This study examined the usefulness of programmed electrical stimulation in managing 83 patients who had ventricular tachycardia not due to coronary artery disease. Among 39 patients with a history of sustained ventricular tachycardia, programmed stimulation induced ventricular tachycardia in 14 of 14 patients with mitral valve prolapse or primary electrical disease (arrhythmias without evidence of structural heart disease) and in 13 of 25 with cardiomyopathy (total 27 of 39, 69 percent). Programmed stimulation induced nonsustained ventricular tachycardia in 15 (34 percent) of 44 patients with a history of nonsustained tachycardia (5 of 13 with mitral valve prolapse, 6 of 19 with primary electrical disease and 4 of 12 with cardiomyopathy). Seventy-three of the 83 patients were treated with antiarrhythmic drugs and then followed up for 14.4 ± 11.4 months (mean ± standard deviation). Drug therapy was determined with serial electrophysiologic testing in 31 patients. Twenty-four of these 31 patients had a history of sustained ventricular tachycardia, and drugs prevented induction of ventricular tachycardia in 9 (none of whom manifested symptomatic events) but did not prevent it in 15 (6 of whom had symptomatic events). Among seven patients with a history of nonsustained ventricular tachycardia, drugs prevented induction of ventricular tachycardia in five (none of whom had symptomatic events) and did not prevent it in two (none of whom had symptomatic events). Forty-two patients were treated using the results of noninvasive testing. Drugs suppressed spontaneous ventricular tachycardia in 15 of 15 patients with a history of sustained tachycardia (7 of whom had symptomatic events including one sudden death), and in 26 of 27 with a history of nonsustained tachycardia (6 of whom had symptomatic events including one sudden death). Thus, in patients with ventricular tachycardia unrelated to coronary artery disease: (1) programmed electrical stimulation induced ventricular tachycardia less often than in patients whose tachycardia was due to coronary artery disease; (2) programmed stimulation induced ventricular tachycardia less often in patients with a history of nonsustained versus sustained tachycardia; and (3) suppression of inducible ventricular tachycardia appeared to predict effective drug therapy but drug therapy predicted with noninvasive testing appeared to be unreliable.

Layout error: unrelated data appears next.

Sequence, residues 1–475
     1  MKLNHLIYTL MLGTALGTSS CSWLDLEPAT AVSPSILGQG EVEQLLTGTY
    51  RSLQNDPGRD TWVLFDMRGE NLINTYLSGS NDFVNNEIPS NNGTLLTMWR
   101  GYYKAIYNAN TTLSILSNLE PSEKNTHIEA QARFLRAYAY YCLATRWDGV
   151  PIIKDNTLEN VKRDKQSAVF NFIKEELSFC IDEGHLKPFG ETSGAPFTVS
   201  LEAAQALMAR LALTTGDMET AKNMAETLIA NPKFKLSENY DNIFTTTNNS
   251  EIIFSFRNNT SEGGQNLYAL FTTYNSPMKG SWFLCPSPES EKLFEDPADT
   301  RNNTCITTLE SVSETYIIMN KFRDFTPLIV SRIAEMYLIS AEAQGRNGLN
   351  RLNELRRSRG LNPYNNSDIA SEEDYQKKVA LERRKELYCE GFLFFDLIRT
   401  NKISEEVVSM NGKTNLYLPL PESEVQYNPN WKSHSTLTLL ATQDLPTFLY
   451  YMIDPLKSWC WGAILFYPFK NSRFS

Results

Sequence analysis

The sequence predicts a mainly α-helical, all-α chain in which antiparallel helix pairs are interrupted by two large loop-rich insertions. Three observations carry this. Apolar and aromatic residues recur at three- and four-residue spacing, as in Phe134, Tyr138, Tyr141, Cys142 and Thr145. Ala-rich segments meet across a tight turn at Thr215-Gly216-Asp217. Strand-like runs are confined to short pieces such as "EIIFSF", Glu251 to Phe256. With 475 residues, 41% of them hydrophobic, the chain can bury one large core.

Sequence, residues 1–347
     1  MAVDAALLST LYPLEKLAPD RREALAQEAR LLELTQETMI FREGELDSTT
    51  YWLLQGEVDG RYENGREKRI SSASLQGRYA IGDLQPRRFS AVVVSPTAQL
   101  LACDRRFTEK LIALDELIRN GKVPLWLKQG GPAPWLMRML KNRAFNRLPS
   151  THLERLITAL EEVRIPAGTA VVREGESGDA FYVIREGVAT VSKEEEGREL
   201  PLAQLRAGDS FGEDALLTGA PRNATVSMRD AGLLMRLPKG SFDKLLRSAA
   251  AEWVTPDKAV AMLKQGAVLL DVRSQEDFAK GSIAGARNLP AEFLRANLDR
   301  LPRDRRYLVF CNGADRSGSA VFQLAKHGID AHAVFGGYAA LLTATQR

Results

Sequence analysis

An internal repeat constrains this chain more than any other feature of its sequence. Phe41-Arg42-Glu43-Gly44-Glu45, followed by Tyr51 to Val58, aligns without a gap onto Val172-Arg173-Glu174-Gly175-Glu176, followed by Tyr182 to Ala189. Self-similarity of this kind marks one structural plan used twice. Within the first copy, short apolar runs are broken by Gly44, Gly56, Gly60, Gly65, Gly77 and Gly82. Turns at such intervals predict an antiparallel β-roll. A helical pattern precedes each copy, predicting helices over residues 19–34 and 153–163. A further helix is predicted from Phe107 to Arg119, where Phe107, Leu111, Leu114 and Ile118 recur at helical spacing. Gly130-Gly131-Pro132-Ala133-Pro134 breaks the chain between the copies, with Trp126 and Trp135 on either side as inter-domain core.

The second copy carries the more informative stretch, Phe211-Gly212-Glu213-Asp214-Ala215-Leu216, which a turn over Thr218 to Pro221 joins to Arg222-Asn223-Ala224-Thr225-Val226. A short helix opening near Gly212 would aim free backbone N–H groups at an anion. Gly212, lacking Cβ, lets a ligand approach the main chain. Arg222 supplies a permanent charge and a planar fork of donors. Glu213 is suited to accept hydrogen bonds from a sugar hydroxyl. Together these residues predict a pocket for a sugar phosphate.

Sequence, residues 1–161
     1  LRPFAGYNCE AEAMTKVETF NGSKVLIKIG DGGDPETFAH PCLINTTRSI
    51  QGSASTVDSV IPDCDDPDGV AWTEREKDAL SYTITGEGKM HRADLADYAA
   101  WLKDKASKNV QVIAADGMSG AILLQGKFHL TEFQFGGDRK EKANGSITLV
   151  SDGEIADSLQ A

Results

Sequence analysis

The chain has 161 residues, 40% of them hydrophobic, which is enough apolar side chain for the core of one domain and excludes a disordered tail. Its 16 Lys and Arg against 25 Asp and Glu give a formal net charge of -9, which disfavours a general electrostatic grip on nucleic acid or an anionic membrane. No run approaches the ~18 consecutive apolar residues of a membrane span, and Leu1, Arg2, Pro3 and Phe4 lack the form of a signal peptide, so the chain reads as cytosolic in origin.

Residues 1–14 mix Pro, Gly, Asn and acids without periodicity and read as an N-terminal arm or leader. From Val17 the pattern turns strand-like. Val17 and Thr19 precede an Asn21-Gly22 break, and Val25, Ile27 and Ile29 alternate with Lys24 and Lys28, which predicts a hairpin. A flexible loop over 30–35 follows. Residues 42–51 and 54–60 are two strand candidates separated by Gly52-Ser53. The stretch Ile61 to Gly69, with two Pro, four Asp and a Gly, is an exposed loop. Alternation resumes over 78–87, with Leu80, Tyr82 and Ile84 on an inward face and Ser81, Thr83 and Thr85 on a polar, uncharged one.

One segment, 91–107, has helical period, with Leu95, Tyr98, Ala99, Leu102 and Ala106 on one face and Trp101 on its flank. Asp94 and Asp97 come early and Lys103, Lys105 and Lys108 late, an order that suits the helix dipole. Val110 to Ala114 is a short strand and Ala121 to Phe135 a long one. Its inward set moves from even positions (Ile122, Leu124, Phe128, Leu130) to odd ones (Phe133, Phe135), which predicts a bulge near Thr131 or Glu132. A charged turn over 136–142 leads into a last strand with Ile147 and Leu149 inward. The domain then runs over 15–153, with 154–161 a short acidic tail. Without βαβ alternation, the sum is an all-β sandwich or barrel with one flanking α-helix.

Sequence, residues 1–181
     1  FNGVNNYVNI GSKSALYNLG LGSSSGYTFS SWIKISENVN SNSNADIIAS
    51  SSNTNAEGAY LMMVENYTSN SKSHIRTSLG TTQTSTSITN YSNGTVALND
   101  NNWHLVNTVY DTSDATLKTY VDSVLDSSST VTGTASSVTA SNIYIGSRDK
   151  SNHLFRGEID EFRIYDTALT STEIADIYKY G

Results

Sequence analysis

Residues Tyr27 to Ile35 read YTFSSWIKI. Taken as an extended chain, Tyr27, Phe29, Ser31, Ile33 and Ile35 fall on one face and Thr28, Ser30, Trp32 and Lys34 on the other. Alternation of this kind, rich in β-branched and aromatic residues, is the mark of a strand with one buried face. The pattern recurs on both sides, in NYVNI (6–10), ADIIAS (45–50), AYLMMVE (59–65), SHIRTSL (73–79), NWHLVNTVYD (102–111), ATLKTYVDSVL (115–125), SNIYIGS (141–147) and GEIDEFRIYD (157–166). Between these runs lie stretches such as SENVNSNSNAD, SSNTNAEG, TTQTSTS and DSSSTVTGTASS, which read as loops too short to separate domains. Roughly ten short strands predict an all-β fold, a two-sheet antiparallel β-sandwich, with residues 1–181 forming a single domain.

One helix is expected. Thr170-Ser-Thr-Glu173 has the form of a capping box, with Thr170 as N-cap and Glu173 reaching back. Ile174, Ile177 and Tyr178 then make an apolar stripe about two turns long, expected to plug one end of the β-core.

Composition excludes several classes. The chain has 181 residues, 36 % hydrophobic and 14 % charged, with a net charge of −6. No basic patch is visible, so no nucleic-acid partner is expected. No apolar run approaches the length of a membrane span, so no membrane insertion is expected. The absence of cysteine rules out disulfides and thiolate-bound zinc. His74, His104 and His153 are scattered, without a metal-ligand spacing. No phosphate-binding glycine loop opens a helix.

|Original language||English (US)|
|Number of pages||7|
|Journal||The American journal of cardiology|
|State||Published - Jul 1982|
All Science Journal Classification (ASJC) codes
- Cardiology and Cardiovascular Medicine